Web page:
Dr. Rod Kennett departs NAILSMA after his Alaskan Fulbright adventure
Departing I-Tracker Project Coordinator Dr. Rod Kennett has just returned to Australia after completing a six month Fulbright Scholarship in Alaska. The prestigious international award, which supports research, study and the exchange of ideas between Australia and the United States, gave Rod the opportunity to collaborate with international experts to explore tools and strategies that will inform new approaches to Indigenous conservation in both countries.
Rod said a highlight of his scholarship was a two week trip to Barrow, inside the Arctic Circle, where he worked with Inupiat people and scientists to measure how climate change is changing the landscape and people’s access to subsistence resources. Rod also spent time with the Chickaloon Tribal Village Corporation digging nests to deposit artificially incubated salmon eggs into the gravel beds of icy cold mountain streams, and met with Fulbright Scholars from around the world at the Fulbright Seminar in New Orleans. Other highlights included catching salmon and a back-country dog sled journey, as well as finally learning to ice skate after many failed attempts.
Rod used his time in Alaska to raise awareness of the NAILSMA I-Tracker program and its work supporting Indigenous land and sea management. In Fairbanks, Rod attended the annual convention of the Alaska Federation of Natives alongside over 3000 delegates, where he was buoyed by positive stories of Alaskan native people leading efforts for better management of lands and seas, including greater engagement in research and monitoring activities in remote Alaskan ecosystems.
Rod says Alaskans were keen to learn from NAILSMA’s work in north Australia. ‘Without exception,’ he said, ‘Alaskans are very impressed with the work of Australian Indigenous rangers and how they are leading the way internationally with tools like the I-Tracker applications’.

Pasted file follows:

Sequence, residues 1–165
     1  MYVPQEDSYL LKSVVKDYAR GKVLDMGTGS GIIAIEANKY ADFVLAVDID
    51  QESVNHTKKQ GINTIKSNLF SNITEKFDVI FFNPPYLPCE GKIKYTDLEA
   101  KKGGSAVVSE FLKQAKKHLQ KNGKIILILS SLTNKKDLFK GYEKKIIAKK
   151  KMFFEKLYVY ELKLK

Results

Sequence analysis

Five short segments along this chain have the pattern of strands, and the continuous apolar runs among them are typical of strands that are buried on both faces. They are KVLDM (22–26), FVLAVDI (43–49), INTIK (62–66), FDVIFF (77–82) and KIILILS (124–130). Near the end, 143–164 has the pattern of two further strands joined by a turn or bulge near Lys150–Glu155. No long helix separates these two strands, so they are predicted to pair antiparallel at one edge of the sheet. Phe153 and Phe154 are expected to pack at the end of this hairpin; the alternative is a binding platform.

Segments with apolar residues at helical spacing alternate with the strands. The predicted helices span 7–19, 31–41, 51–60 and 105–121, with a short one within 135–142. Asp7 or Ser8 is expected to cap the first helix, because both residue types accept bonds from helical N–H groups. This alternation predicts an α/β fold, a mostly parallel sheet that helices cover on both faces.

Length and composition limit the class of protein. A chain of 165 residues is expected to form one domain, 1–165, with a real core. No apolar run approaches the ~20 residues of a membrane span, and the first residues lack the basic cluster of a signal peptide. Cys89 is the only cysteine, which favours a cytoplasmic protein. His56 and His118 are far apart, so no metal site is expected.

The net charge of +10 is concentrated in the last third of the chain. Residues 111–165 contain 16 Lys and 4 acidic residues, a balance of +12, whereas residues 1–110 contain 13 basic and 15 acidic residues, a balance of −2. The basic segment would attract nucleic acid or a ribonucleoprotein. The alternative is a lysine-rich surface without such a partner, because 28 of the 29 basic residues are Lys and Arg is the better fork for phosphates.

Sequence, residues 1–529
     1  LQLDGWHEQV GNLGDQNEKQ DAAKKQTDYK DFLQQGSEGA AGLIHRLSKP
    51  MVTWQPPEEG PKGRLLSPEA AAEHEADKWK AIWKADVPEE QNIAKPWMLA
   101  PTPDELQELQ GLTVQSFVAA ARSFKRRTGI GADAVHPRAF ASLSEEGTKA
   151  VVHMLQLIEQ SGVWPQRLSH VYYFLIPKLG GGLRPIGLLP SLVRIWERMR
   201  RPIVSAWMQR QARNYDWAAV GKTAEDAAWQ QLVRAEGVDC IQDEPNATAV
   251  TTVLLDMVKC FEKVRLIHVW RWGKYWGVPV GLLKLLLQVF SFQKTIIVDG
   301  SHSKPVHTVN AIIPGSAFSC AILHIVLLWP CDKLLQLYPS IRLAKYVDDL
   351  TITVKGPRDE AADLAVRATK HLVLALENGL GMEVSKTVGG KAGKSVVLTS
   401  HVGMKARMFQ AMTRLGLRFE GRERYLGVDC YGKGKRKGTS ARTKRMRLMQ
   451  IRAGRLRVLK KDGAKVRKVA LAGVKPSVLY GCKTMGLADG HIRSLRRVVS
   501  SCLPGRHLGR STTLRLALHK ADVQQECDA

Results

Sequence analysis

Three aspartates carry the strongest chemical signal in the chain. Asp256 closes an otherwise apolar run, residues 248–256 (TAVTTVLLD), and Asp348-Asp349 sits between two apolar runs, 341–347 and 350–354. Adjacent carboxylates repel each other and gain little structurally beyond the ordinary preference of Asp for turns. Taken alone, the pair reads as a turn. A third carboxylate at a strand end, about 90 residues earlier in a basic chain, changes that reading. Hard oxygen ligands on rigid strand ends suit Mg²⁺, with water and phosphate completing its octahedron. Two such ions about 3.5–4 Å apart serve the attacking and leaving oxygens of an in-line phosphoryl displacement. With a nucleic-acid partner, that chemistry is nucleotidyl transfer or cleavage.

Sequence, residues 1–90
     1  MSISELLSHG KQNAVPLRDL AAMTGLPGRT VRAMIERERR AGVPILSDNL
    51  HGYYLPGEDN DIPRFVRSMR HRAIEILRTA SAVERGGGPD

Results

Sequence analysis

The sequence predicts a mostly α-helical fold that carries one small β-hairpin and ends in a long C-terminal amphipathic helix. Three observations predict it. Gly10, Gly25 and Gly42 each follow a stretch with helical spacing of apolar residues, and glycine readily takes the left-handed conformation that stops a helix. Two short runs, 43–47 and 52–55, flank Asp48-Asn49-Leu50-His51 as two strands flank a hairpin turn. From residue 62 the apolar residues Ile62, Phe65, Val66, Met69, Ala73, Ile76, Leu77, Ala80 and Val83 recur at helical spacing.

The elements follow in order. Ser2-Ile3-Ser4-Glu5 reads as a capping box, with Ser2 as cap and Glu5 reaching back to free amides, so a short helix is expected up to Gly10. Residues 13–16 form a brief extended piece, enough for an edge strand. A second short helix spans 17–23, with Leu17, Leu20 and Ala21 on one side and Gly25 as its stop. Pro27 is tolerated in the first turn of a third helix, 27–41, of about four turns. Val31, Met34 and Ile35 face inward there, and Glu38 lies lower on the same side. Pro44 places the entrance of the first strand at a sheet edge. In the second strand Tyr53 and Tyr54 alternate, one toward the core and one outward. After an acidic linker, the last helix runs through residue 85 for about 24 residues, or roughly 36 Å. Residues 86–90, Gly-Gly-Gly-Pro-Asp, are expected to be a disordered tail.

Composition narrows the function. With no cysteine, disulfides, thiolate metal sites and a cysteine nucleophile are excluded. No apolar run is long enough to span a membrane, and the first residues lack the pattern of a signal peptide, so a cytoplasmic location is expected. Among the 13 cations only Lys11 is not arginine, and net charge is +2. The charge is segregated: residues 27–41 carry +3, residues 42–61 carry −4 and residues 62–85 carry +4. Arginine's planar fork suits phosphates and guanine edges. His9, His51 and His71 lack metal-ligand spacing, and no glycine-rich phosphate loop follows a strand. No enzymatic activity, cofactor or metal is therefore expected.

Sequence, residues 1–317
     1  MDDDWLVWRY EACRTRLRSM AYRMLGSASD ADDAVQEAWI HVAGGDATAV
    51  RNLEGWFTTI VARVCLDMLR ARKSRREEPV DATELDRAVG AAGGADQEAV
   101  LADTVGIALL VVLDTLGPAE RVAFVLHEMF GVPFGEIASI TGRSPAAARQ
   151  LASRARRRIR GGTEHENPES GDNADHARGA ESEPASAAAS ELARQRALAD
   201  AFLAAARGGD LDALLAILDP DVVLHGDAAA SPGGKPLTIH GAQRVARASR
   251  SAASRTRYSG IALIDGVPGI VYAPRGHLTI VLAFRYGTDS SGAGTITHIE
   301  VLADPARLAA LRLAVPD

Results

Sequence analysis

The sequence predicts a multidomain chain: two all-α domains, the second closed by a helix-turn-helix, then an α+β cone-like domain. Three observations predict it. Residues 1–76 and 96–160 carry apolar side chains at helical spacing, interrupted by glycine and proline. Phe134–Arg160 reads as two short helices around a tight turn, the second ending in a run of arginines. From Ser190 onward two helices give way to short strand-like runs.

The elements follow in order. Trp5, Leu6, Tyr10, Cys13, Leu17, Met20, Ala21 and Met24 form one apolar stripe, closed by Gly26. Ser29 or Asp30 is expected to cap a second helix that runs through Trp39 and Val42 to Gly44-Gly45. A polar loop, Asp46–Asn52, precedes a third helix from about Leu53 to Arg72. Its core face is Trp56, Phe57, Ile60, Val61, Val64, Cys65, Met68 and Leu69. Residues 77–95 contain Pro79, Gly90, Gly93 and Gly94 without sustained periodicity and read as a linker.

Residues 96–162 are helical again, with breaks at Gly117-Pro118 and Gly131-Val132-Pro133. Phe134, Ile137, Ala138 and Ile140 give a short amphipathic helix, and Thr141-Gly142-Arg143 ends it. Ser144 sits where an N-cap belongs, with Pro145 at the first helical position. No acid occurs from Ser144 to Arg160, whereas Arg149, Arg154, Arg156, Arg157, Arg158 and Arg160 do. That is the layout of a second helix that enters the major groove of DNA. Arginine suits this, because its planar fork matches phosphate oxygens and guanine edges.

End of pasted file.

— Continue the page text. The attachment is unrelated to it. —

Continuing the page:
NAILSMA will continue to build on the links made to Alaska through Rod’s scholarship, to support further exchanges between the Indigenous people of Alaska and North Australia.
NAILSMA Acting CEO Angela Shima says that Rod has made an impressive contribution to Indigenous land and sea management in north Australia during his thirty years in the field. ‘Over the ten years he worked for NAILSMA,’ she said, ‘Rod was instrumental in setting up the NAILSMA Marine Turtle and Dugong program and the NAILSMA I-Tracker program. Both programs won prestigious National Banksia Awards and are recognised by Indigenous and non-Indigenous leaders as major contributions to contemporary land and sea management and conservation.’
NAILSMA wishes him all the best in his new role at the Australian Institute of Aboriginal and Torres Strait Islander Studies in Canberra, and his tenacity, intelligence and dry sense of humour will be missed by his colleagues.
NAILSMA also welcomes Micha Jackson to the role of I-Tracker Project Coordinator. Micha has been a key driver of the program for the past five years in her roles as Project Officer and Acting Project Coordinator, and is keen to see the program grow in the future in her new role.